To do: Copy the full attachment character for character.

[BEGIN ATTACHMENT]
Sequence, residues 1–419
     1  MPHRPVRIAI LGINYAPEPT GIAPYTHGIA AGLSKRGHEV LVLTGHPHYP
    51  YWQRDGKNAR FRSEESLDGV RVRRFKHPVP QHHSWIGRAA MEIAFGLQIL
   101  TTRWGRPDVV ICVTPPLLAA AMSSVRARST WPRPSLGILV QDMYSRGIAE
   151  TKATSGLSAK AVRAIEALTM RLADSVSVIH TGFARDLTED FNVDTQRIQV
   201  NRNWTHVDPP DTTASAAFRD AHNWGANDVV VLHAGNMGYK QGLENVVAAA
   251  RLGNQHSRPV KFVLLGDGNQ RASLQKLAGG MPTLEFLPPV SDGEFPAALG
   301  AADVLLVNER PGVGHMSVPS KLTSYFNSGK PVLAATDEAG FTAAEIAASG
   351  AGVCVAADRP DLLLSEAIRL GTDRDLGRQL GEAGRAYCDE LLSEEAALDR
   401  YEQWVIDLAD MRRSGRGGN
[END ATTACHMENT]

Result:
Sequence, residues 1–419
     1  MPHRPVRIAI LGINYAPEPT GIAPYTHGIA AGLSKRGHEV LVLTGHPHYP
    51  YWQRDGKNAR FRSEESLDGV RVRRFKHPVP QHHSWIGRAA MEIAFGLQIL
   101  TTRWGRPDVV ICVTPPLLAA AMSSVRARST WPRPSLGILV QDMYSRGIAE
   151  TKATSGLSAK AVRAIEALTM RLADSVSVIH TGFARDLTED FNVDTQRIQV
   201  NRNWTHVDPP DTTASAAFRD AHNWGANDVV VLHAGNMGYK QGLENVVAAA
   251  RLGNQHSRPV KFVLLGDGNQ RASLQKLAGG MPTLEFLPPV SDGEFPAALG
   301  AADVLLVNER PGVGHMSVPS KLTSYFNSGK PVLAATDEAG FTAAEIAASG
   351  AGVCVAADRP DLLLSEAIRL GTDRDLGRQL GEAGRAYCDE LLSEEAALDR
   401  YEQWVIDLAD MRRSGRGGN